The city of Portland, Oregon, will pay thousands of dollars to former City Commissioner Jo Ann Hardesty to settle a portion of a lawsuit that accuses the city, police union, former union president, and a police officer of leaking information that falsely implicated Hardesty in a hit-and-run.
Hardesty, who was a strong advocate for defunding the police, was implicated in a March 2021 collision after a 911 caller mistakenly identified her as the driver who rear-ended her and fled the scene. An officer with the Portland Police Bureau (PPB) leaked the allegation to an activist friend who shared the information on a livestream, according to an internal review conducted last year.
Hardesty’s lawsuit, filed in late 2021, alleges that police union president Brian Hunzeker also leaked the allegation to a reporter. The suit claims the leaks are politically and racially motivated, KGW reported.
It wasn’t long before Hardesty was cleared of wrongdoing, and Hunzeker, who had only been on the job for a few months, resigned. The union cited a “serious, isolated mistake” related to the incident as the reason for Hunzeker’s resignation.
In 2020, Hardesty had been at the head of efforts to defund the police while social unrest rocked the city of Portland. She pushed heavily to reallocate tens of millions of dollars from the PPB’s budget.
Hardesty was forced to apologize in July 2020 after she claimed that police “saboteurs” and “provocateurs” were starting fires after infiltrating the crowds of demonstrators who took over Portland’s streets every night for months following the death of George Floyd in Minnesota.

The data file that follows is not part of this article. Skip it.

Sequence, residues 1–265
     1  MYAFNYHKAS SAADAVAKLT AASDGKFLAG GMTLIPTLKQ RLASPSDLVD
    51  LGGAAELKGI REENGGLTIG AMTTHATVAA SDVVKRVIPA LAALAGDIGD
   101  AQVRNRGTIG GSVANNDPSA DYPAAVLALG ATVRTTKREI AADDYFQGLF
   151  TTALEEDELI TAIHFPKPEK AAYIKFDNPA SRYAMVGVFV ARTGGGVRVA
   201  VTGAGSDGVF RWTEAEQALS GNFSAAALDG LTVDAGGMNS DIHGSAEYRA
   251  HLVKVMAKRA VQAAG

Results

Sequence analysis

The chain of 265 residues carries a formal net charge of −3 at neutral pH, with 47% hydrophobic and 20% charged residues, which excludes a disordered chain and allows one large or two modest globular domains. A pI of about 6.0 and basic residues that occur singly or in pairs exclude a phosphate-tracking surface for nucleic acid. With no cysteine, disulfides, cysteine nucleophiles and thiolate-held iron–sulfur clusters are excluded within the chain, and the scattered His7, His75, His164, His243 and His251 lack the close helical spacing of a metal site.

In June 2021, she urged the city council to disband the police’s riot squad, calling it a “rogue paramilitary organization that is unaccountable to the elected officials and residents of Portland.”
Hardesty lost the 2022 election to political newcomer Rene Gonzalez, who ran as a centrist and openly supported law and order.
Last week, a lawyer for the city of Portland offered to settle the portion of the case targeting the city for $5,000 attorney’s fees and a signed apology from Portland Mayor Ted Wheeler, KGW reported. Hardesty accepted.
“Portland Police Bureau employees acting outside the course and scope of their employment leaked confidential information about Commissioner Hardesty,” Wheeler’s letter reads. “The leaks negatively impacted Commissioner Hardesty’s public image and undermined her efforts to bring about police transformation and reform. The City does not condone these actions. On behalf of the City, I apologize for the conduct.”
Hardesty sought only $1 in nominal damages from the city, KGW reported. The city had spent more than $58,000 defending itself against the lawsuit since last May. However, the settlement doesn’t end the case, as Hardesty is still suing the Portland Police Association, Hunzeker and Officer Kerri Ottoman, which is scheduled to start in late September.
Hardesty sought $3 million from the police association, $1 million from Hunzeker and $1 million from Ottoman, according to local news reports.
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